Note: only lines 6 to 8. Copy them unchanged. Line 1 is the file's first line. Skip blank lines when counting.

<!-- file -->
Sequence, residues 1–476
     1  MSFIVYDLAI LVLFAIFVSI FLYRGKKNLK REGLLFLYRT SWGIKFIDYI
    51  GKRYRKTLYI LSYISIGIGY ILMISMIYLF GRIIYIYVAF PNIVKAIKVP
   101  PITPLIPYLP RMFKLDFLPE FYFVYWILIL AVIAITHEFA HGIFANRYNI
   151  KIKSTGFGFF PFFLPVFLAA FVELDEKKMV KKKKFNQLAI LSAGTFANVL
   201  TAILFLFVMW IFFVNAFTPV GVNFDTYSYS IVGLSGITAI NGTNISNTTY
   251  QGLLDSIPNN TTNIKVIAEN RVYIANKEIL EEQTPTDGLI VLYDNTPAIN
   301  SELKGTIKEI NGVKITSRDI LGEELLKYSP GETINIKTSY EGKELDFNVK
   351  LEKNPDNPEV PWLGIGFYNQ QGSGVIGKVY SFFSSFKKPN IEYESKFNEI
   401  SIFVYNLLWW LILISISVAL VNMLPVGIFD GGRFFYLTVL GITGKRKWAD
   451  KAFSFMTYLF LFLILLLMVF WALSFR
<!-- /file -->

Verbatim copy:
   201  TAILFLFVMW IFFVNAFTPV GVNFDTYSYS IVGLSGITAI NGTNISNTTY
   251  QGLLDSIPNN TTNIKVIAEN RVYIANKEIL EEQTPTDGLI VLYDNTPAIN
   301  SELKGTIKEI NGVKITSRDI LGEELLKYSP GETINIKTSY EGKELDFNVK